Lay summary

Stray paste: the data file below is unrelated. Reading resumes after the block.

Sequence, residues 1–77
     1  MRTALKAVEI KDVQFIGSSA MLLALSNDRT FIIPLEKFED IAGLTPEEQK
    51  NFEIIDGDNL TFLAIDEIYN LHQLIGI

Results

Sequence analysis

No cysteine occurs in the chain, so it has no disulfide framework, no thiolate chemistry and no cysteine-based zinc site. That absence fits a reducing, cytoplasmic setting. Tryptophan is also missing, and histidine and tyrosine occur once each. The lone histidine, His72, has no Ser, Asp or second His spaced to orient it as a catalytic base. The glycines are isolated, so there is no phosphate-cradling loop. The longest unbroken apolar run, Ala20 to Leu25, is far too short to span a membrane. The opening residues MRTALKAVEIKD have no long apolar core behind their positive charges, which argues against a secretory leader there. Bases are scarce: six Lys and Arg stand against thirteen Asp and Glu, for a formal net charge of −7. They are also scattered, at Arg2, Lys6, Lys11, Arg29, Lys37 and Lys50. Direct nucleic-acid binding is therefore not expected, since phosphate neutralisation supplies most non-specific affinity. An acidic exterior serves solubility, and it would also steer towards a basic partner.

The project aims at validating a new model of working memory (WM), that is the central construct which enables us to maintain and manipulate information for goal-directed processing. We assume that WM consists of two separate parts: a declarative WM that maintains informations and a procedural WM that undertakes operations on these informations. Furthermore we aim at bridging the gap between two research traditions addressing cognitive capacity limits, namely research on WM (such as the maintenance of briefly presented lists) and research on action control in multitasking situations (such as task switching and the psychological refractory period paradigm). Please note that research on WM so far has mainly focused on the declarative side, that is investigating working memory capacity and material-dependent storage (i.e., verbal working memory, spatial or visual working memory). We plan to explore the concept of a procedural WM next to declarative WM as a further capacity limited system. Though our new model of working memory conceptualize WM as a mechanism that evolved for the selection and the processing of goal-relevant information in two separate subsystems. This view is in line with recent reviews of studies using neuroimaging data, suggesting that WM is an emergent property of different sites in the brain acting together to ensure goal-directed processing (D'Esposito, 2007). The heuristic theoretical framework of two different sub-systems, declarative (dWM) and procedural WM (pWM), raises two general questions that we want to address with our project. First, we aim at investigating the relationship between the two sub-systems by testing for shared or independent capacity limits (Experiments 1-6) and testing for shared or independent representations, that is action-guiding ideas subjects develop after instructions (Experiments 7 & 8). Second, we want to test the assumption that declarative and procedural WM solve the problem of selecting relevant representations for goal-directed processing in analogous ways. With this project we hope to shed further lights on the mechanisms that enable goal-directed processing and circumvent capacity-limits for error-less and efficient processing of information.